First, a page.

A term often used for performers and entertainers is “star power”. Most of the time, it is a heady mix of talent, charisma, and the most important component, relatability. This last element is what truly binds an audience to a performer through the years. The star must be accessible to their adoring public, but only up to a point — the rest must be shrouded in a mystique of their choosing. Sridevi, who died on Sunday, possessed such star power, that in the Seventies in Bollywood, it mattered to nobody that she did not speak a word of Hindi. They were in her thrall
In her 35-year-long career in Indian cinema, Sridevi acted in 300 films — an astounding body of work. She was known to be a consummate professional from her very first film at the age of four, and by the time she was 19, she was already a star in the south, where she acted in Tamil, Telugu, Malayalam and Kannada films — she made them her own, belonged to them all. After her first Bollywood hit, Himmatwala (1983), the tabloids cruelly nicknamed her “Thunder Thighs”, but that did not make Sridevi and her body type any less desirable to her Hindi-speaking audience.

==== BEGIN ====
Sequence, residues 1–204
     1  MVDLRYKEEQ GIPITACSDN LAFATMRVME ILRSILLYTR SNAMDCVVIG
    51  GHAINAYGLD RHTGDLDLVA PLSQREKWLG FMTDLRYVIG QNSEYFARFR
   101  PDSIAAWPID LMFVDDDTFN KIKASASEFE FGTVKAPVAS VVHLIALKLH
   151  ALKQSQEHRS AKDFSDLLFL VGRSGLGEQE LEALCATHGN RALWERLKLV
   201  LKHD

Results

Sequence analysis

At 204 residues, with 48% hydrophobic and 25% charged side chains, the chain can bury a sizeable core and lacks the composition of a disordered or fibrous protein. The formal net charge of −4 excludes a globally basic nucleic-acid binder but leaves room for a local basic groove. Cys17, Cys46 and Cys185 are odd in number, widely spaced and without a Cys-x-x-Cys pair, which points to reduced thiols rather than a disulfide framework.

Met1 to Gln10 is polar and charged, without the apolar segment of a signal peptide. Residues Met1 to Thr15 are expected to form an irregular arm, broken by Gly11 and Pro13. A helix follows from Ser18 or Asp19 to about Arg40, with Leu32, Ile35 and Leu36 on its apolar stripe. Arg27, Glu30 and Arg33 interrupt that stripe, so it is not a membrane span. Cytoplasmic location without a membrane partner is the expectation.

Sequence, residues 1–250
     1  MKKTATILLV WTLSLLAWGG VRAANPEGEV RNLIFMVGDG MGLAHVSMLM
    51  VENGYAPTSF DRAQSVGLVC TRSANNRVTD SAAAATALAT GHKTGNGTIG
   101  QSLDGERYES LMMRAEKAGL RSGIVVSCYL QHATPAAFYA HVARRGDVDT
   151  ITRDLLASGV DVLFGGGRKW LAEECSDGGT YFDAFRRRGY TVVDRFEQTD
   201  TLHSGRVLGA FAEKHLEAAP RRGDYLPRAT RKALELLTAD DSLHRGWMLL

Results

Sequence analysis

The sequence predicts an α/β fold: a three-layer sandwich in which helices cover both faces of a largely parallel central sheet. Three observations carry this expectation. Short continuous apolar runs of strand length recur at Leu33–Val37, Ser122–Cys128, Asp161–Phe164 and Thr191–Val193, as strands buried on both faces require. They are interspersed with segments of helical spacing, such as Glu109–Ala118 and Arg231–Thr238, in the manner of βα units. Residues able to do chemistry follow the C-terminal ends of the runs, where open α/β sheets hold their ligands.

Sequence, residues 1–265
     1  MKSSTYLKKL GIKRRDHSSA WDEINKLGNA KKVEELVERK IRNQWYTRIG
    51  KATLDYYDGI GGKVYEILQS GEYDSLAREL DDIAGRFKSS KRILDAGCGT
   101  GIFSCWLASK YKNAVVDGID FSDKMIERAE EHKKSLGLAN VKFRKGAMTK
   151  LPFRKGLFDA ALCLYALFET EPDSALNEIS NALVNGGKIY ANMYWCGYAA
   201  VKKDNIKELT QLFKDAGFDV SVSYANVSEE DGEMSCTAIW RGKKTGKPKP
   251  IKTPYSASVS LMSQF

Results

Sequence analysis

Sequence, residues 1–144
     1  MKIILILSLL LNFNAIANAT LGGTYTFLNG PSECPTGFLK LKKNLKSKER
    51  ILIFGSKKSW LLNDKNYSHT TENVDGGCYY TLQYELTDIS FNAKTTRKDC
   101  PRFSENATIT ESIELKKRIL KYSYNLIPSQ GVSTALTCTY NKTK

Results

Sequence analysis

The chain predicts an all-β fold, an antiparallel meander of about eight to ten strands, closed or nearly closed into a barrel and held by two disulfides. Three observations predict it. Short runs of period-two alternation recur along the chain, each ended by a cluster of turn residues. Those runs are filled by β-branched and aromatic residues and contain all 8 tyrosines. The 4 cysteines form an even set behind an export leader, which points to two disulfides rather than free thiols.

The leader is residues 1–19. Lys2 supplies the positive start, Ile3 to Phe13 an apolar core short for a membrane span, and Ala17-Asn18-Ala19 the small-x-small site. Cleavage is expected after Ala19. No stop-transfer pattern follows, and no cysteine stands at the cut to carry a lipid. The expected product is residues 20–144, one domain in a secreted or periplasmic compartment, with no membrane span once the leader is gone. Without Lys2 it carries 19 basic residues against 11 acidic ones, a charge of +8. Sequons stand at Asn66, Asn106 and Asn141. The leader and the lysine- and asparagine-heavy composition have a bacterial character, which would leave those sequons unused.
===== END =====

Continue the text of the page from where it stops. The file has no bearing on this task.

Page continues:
There is a Sridevi-sized hole in the industry because there does not exist another actor, male or female, who can combine innocence with comedy, grace with fire, romance and dance, the way she could. She was the “hero” in every film, she got the best lines; and so, she demanded a fair price, firmly making cracks in the glass ceiling in a way nobody else before her had done. In her second innings, Sridevi was showing us that she still had more tricks in her bag. Gone was the chirpy girl-woman of the Nineties, and in her two most recent outings, English Vinglish (2012) and last year’s Mom, Sridevi made the most of silence in her portrayal of women her age; she played them with tenderness and steel in equal measure.